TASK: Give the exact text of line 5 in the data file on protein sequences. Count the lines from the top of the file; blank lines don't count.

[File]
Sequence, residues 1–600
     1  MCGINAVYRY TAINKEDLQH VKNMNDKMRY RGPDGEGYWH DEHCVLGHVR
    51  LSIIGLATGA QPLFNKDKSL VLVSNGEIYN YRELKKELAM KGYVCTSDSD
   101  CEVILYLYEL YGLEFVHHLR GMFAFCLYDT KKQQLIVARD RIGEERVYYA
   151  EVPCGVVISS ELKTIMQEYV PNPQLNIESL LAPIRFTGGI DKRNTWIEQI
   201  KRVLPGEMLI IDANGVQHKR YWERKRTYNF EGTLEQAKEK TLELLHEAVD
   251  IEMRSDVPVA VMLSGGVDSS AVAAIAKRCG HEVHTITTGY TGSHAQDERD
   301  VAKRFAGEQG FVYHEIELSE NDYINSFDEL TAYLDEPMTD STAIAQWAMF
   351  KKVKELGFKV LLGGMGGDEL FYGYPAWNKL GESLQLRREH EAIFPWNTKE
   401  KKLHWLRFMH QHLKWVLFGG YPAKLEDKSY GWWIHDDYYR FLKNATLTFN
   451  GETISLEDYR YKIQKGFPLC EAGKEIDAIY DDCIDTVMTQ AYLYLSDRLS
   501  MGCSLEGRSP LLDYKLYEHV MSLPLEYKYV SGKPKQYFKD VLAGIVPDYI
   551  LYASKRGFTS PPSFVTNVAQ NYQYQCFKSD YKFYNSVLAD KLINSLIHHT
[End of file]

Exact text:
   151  EVPCGVVISS ELKTIMQEYV PNPQLNIESL LAPIRFTGGI DKRNTWIEQI